In addition to his personal projects, Johansson’s popularity has gifted him a swathe of commercial contracts.“Bringing someone else’s vision to life is a challenge,” he points out. One of his regular clients, Adobe, has provided his ‘paintbrush’ of choice for 16 years, Photoshop. When asked about his dedication to the software he says that though he’s experimented with Affinity Photo and is very open to new software, Photoshop has all he needs. “My ideas are usually about transitions between different materials, and I think that Photoshop is perfect tool to create these transitions”
Looking to the future, Johansson says he has a wealth of ideas that just need forming. He constantly revisits sketchbooks of his initial thoughts to see if a new point of view can flesh them out. One in particular he says he’s excited about involves a man on a ladder replacing the current phase of the moon with a new one from a wheelbarrow. “There are always ideas in mind that I just haven’t found locations for yet,” he says excitedly. In February 2016 Johansson released his first book, Imagine, a collection of 50 of his best works.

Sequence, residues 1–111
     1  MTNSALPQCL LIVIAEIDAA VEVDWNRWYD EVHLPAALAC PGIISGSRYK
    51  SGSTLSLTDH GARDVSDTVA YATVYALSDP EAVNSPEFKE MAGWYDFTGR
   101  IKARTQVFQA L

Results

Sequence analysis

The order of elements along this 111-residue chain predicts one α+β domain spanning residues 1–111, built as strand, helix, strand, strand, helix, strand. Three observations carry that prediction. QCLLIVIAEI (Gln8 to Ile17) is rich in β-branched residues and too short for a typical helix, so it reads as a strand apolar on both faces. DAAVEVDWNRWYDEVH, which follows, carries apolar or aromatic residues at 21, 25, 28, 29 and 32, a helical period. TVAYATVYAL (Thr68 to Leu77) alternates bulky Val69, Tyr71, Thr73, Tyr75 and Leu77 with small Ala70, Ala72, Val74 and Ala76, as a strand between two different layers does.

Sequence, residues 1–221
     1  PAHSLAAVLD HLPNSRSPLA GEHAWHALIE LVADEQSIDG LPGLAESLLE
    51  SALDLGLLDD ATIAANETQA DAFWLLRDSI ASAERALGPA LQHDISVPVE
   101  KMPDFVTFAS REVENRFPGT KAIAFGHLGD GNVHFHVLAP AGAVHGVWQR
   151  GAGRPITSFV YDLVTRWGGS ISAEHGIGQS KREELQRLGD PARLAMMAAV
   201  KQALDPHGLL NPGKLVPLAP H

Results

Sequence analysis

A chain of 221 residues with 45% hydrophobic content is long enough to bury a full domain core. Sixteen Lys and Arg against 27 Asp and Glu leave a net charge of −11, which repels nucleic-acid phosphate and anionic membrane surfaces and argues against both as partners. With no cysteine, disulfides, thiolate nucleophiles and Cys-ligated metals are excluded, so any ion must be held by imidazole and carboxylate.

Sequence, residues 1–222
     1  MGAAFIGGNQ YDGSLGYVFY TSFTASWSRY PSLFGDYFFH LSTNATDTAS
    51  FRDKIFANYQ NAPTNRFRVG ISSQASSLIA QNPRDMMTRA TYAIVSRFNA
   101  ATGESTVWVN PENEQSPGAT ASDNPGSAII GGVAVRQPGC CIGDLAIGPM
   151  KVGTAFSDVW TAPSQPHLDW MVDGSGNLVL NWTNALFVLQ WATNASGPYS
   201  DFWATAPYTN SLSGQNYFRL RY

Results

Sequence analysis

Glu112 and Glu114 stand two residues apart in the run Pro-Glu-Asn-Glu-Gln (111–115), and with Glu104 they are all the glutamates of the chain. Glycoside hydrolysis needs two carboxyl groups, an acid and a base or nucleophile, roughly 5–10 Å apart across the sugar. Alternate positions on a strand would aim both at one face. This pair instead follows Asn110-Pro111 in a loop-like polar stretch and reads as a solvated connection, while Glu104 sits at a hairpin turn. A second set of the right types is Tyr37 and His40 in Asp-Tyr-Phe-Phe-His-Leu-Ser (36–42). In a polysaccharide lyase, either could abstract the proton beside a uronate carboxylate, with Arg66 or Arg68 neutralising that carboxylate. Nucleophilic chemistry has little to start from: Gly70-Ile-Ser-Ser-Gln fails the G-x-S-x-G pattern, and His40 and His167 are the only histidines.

Johansson makes for an impressive figure – he is always on, never at rest, considering every object as a potential project material and every scene as potential inspiration. What drives this home is his answer to a final question about his favourite personal project.
“The next one,” he answers with a laugh.